• The onus to rebut presumed prejudice lies with the moving party: Family Delicatessen, at para. 6.
. McHale v. Lewis

In McHale v. Lewis (Ont CA, 2018) the Court of Appeal sets out the test for leave to amend pleadings:
[6] The motion judge summarized the principles governing the decision whether to grant leave to amend a pleading from Aristocrat Restaurants Ltd. (c.o.b. Tony’s East) v. Ontario, [2003] O.J. No. 5331 (S.C.):
(a) the approach that amendments should be presumptively approved unless they would occasion prejudice that cannot be compensated by costs or an adjournment, they are shown to be scandalous, frivolous, vexatious, or an abuse of the court’s process, or they disclose no reasonable cause of action, is relevant to the issue of whether, on a motion to strike a pleading, a court should exercise its discretion to grant leave to amend;

(b) leave to amend should properly be given where a pleading can be put right or improved by amendment and no injustice is done thereby;

(c) depending on the circumstances of the case, striking out a pleading without granting leave to amend often does little to advance the ends of justice;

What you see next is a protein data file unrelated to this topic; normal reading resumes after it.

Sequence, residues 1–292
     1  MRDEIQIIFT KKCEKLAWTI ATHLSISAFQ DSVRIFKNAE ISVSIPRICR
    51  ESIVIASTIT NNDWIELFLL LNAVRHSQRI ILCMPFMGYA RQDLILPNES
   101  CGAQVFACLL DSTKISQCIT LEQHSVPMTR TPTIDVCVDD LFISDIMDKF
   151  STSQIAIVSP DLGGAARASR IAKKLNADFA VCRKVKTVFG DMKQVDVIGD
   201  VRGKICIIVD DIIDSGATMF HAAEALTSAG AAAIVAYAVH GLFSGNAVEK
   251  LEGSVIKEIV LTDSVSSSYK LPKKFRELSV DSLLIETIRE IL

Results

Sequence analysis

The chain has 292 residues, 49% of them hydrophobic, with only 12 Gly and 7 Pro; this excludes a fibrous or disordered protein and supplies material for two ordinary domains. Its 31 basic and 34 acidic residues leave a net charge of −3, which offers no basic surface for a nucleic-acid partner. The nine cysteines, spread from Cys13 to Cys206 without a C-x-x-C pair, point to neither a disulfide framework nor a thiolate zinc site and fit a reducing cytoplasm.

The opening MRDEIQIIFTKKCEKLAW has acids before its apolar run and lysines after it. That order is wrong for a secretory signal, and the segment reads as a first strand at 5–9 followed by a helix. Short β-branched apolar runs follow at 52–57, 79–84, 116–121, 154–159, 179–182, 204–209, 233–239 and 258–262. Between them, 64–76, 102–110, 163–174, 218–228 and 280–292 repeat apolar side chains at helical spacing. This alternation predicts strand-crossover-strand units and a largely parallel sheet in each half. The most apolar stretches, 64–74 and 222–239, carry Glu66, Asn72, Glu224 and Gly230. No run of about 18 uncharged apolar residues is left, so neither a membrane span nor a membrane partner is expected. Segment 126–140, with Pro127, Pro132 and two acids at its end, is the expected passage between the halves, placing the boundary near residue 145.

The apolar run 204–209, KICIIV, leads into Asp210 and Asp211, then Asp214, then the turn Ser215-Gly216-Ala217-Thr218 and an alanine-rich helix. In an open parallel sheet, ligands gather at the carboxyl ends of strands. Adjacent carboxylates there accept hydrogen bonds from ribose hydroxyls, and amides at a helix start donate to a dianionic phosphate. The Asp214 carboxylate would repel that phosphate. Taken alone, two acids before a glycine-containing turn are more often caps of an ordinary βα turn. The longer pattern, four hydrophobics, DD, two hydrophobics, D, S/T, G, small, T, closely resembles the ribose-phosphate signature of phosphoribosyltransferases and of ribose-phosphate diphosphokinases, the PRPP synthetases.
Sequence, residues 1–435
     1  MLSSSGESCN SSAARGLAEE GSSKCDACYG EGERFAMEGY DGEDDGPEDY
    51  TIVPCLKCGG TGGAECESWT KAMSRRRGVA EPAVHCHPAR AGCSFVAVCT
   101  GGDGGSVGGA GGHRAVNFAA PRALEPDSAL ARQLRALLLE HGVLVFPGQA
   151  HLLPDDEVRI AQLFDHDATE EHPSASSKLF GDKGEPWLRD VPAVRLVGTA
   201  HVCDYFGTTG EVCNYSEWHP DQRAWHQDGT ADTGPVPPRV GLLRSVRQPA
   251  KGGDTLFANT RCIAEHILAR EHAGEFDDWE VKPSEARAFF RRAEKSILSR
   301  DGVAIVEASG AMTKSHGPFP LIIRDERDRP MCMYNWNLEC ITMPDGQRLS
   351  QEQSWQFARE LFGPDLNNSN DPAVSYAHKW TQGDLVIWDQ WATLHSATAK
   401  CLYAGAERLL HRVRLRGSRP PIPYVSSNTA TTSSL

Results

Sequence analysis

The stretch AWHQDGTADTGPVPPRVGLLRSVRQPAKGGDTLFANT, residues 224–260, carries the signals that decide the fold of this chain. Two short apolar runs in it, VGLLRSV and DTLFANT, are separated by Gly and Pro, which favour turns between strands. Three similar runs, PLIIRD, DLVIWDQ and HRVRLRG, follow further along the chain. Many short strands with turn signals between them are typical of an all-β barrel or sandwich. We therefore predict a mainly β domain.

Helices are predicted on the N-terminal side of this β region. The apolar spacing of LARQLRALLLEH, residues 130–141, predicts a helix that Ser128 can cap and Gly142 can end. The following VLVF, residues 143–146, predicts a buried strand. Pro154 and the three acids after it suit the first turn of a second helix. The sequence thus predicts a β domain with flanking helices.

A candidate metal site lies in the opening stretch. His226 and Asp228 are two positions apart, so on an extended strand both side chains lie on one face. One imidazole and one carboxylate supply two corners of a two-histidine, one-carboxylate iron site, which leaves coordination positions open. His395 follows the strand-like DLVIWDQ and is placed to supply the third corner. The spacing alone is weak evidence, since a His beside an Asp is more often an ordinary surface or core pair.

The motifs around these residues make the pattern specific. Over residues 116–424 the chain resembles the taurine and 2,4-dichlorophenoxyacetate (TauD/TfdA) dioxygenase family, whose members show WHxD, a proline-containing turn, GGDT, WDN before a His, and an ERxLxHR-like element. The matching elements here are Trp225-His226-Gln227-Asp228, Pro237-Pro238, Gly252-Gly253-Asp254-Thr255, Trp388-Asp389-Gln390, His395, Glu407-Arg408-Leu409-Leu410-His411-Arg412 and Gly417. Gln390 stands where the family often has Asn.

(d) in disposing of a motion to strike when a recognized cause of action has been improperly pleaded, but can be put right without non-compensable prejudice to the defendants, the preferred route is to afford the plaintiff the opportunity, upon appropriate terms, to plead the cause properly within the action before the court; and

(e) the foregoing approach makes practical sense and is in keeping with the objectives set out in rule 1.04, namely that the rules shall be liberally construed to secure the just, most expeditious and least expensive determination of every civil proceeding on its merits.
. Rabb Construction Ltd. v. MacEwen Petroleum Inc.

In Rabb Construction Ltd. v. MacEwen Petroleum Inc. (Ont CA, 2018) the Court of Appeal considers the issue of amending pleadings: